Opinion: Why Xbox One's erratic E3 matters for the mobile market
One vision, one platform, one big problem
On a par with the reception that greeted Nintendo when the Wii's name was unveiled, Microsoft's Xbox One has had its moniker ripped to shreds from the moment it left the mouth of Don Mattrick just a couple of weeks ago.
Looking beyond the somewhat mischievous implications of its nickname 'Xbone' – adopted within minutes across social networks – the 'One' element of the system's name has left some confused, and others numbed by the sheer corporate nature of it.
For Microsoft, 'One' is to be taken in the context of 'All In One' – a system that touches every base, ticks every box, meets every entertainment need.
Indeed, for those who went into E3 pushing the premise that Xbox One wasn't about games, the first hour or so of Microsoft's latest presser will have left many red faced.
One, however, is the perfect name for me. It highlights the console's biggest opportunity – the prospect of all Microsoft's various products and platforms being tied together on one system – and, conversely, its biggest weakness.
One for all
Why a weekness, you ask? Because, so intrinsic is Xbox One to Windows 8 and Windows Phone that any failure to fly off the shelves at launch could be akin to the first crack in the shell of the Titantic.
If 'one' falls, then the rest may follow.
That's why that, even though mobile largely remained missing in action at both Microsoft and Sony's briefings, any developer that has tied themselves to either Windows 8 or Windows Phone should have watched Sony's attempts to rip a hole in Microsoft's plans with nerves jangling last night.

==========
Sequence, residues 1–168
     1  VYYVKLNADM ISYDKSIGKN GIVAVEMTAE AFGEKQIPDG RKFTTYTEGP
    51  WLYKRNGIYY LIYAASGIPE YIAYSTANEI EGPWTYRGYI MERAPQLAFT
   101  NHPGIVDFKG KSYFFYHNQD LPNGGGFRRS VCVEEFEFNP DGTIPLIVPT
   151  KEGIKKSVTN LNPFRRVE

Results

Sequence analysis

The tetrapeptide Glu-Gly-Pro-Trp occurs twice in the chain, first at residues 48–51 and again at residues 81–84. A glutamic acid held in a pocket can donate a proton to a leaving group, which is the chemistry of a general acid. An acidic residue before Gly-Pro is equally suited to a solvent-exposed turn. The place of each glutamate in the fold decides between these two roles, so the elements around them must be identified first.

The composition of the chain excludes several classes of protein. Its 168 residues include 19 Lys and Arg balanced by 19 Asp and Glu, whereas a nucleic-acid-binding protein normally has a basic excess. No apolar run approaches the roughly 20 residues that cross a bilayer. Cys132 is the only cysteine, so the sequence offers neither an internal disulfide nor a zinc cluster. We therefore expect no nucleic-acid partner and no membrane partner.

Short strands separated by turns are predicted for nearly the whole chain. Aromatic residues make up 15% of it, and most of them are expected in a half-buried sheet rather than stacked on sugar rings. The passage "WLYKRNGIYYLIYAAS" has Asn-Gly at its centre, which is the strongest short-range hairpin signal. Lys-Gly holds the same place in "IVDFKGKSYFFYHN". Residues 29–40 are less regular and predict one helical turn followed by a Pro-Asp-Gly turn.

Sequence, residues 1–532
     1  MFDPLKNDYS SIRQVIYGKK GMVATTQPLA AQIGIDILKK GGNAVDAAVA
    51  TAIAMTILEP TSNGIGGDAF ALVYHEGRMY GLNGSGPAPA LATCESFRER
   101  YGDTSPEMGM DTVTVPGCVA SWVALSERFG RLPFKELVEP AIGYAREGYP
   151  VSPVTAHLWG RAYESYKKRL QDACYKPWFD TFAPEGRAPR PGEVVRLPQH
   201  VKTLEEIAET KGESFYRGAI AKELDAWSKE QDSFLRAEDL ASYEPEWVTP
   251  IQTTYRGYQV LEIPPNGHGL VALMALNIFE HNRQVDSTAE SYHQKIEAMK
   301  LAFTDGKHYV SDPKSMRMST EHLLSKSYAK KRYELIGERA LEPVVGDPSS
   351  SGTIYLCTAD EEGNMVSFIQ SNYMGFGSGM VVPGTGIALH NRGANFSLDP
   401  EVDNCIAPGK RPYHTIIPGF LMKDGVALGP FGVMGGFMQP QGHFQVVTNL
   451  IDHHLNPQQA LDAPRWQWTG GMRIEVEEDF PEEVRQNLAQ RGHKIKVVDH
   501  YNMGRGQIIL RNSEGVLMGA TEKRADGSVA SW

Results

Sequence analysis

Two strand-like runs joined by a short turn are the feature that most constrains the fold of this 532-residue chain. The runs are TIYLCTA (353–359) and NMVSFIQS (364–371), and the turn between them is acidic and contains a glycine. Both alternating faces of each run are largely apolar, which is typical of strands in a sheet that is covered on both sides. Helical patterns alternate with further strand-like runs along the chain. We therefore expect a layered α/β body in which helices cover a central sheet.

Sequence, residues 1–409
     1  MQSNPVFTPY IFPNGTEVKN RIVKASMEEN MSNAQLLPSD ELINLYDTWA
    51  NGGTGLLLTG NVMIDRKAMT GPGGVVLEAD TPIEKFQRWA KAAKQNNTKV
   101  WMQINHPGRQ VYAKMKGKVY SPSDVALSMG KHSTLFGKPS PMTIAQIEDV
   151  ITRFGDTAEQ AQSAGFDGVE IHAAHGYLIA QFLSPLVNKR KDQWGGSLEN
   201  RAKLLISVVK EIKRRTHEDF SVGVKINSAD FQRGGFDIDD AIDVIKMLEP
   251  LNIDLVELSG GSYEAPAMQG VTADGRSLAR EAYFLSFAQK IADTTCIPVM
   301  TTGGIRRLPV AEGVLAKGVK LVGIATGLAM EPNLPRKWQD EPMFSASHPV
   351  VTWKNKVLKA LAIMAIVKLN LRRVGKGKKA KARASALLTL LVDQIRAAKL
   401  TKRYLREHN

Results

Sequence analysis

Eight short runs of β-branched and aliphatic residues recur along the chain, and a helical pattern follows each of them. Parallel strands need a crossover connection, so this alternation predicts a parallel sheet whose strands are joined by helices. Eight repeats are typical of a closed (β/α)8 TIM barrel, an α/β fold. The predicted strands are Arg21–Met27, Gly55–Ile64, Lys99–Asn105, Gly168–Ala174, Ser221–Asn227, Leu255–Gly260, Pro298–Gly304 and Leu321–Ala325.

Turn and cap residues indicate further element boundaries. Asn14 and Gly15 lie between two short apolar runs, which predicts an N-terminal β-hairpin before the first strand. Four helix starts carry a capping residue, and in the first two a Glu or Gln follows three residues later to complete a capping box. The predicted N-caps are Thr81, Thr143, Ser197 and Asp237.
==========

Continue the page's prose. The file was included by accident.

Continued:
Microsoft's long term vision is that users will be bedded into their entertainment platforms – of which Xbox is the main offering – whatever they're doing, whatever device they're using, wherever they are.
Xbox's games, music and video are starting to be spread across its console offerings, its tablets and its smartphones, and – just as its mobile platform appears to be gaining momentum in the west – it's just been undermined.
How? By being closely associated with a console that's scored the most spectacular series of own goals since the words 'giant enemy crab' went down in gaming folklore back at E3 2006.
Its not been a textbook start for Xbox One
But lets get things in perspective. Until Sony took to the stand, it appeared to have been accepted by most journalists and developers that – price aside – Xbox One's E3 briefing went some way to redeeming the bad press it received after the console's initial unveiling.
There are most certainly lots of games headed Xbox One's way, and Microsoft's decision to hold off all too many game announcements at the console's first press briefing in favour of rolling them out one after the other at E3 appeared vindicated.
And then, Sony's Jack Tretton started talking about used games.
The reaction Sony was able to whip up in the crowd when the firm announced that there would be no restrictions on used games and no daily online checks is surely unprecedented at E3.